Portable general timestamp format, not 2038-limited
Peter J. Holzer
hjp-usenet2 at hjp.at
Tue Jul 3 08:12:20 CEST 2007
On 2007-07-03 05:12, Scott David Daniels <scott.daniels at acm.org> wrote:
> Peter J. Holzer wrote:
>> On 2007-06-22 20:33, James Harris <james.harris.1 at googlemail.com> wrote:
>>> I have a requirement to store timestamps in a database. Simple enough
>>> you might think but finding a suitably general format is not easy. The
>>> specifics are
>> Stick to unix timestamps but store them as a double precision floating
>> point number. The 53 bit mantissa gives you currently a resolution of
>> about 200 ns, slowly deteriorating (you will hit ms resolution in about
>> 280,000 years, if I haven't miscalculated). Any language and database
>> should be able to handle double-precision FP numbers, so that's as
>> portable as it gets and conversion from/to system time should be
> TOPS-20 did an interesting format which suggest an interesting variant:
> Tops-20: 36-bit (the machine word size) fixed-bit representation
> of days since a given moment (the first Photographic
> plates of the sky). The "binary point" was at the middle
> of the word; the low order 18 bits were the time of day
> (GMT), the high-order 18 bits were the days-since date.
> Inspired format:
> Days since a some standard date (the TAI date may be a good such
> date) expressed as fixed point 64-bit (32-bit day part, 32-bit
> day-fraction part) or floating point (using Intel's double-precision,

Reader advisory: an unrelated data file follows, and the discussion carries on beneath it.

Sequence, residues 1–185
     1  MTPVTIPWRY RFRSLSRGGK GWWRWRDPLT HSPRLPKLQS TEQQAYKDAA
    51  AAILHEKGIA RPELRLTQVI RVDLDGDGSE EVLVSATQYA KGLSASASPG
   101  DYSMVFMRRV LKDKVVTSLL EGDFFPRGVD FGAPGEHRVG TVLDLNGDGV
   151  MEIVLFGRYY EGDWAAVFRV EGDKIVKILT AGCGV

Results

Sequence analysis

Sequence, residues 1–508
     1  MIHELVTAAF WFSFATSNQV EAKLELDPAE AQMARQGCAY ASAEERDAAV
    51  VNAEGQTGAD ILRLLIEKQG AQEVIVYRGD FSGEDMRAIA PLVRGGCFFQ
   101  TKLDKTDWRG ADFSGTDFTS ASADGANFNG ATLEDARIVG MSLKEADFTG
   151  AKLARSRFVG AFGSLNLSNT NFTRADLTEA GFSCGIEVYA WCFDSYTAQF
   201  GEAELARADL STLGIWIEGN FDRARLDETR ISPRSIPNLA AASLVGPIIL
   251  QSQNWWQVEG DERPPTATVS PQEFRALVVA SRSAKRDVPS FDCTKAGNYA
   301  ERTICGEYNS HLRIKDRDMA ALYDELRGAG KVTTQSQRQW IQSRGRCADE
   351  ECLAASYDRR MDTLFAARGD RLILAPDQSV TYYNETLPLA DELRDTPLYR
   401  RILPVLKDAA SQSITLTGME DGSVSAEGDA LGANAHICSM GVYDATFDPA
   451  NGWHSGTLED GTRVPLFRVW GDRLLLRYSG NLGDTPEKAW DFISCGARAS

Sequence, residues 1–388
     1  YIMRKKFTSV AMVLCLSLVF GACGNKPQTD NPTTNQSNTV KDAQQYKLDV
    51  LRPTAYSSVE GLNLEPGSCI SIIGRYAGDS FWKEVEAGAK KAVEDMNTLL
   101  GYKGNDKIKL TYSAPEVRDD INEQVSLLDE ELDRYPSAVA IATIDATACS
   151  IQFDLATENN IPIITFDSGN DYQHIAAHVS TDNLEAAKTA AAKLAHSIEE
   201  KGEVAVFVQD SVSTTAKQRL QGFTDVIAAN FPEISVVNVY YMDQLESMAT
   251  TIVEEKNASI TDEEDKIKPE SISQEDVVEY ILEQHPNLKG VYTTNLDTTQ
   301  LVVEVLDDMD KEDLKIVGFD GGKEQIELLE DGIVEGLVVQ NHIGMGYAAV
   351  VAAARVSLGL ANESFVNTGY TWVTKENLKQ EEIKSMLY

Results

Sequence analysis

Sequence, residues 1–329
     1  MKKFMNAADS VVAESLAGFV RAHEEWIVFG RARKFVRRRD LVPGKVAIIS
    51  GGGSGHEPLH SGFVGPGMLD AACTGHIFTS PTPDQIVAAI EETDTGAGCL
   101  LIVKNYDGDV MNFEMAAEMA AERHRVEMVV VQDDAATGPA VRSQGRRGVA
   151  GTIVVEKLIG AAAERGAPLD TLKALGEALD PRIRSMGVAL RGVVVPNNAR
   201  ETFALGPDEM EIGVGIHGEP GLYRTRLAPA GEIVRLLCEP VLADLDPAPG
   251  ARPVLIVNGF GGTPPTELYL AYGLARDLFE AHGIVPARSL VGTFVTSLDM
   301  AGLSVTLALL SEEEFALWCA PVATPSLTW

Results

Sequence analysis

> for example, gives you 26 bits each for day and day-fraction, though
> the binary point moves for particular stamps).
Doesn't MS-Excel store timestamps in such a format?
This requires you to define what a "day" is:
a) 86400 seconds
b) the time between two consecutive readings of 00:00:00 on a UTC clock
c) something else.
Definition b) is probably the most useful.
> Advantages of such a format:
> Using simple arithmetic for the difference between two such stamps
> is reasonably accurate even without knowing about when the leap seconds
> occur. Better resolution is available with leap-second aware software.
> A leap second affects the resolution only in intervals where there
> _are_ leap seconds, and ignoring them leaves you almost 5 digits of
> accuracy even when you naively ignore them.
Since a day with a leap second has 86401 seconds (or 86399, but that
hasn't happened yet), a leap second aware counter could record the time
HH:MM:SS on such a day as (HH*3600+MM*60+SS)/86401. If you know that
there was a leap second on that day you can still recover the exact time
wall clock time, otherwise you will be off by up to one second, but the
time is still monotonic and you don't have a sudden jump at the end of
_ | Peter J. Holzer | I know I'd be respectful of a pirate
|_|_) | Sysadmin WSR | with an emu on his shoulder.
| | | hjp at hjp.at |
__/ | http://www.hjp.at/ | -- Sam in "Freefall"
More information about the Python-list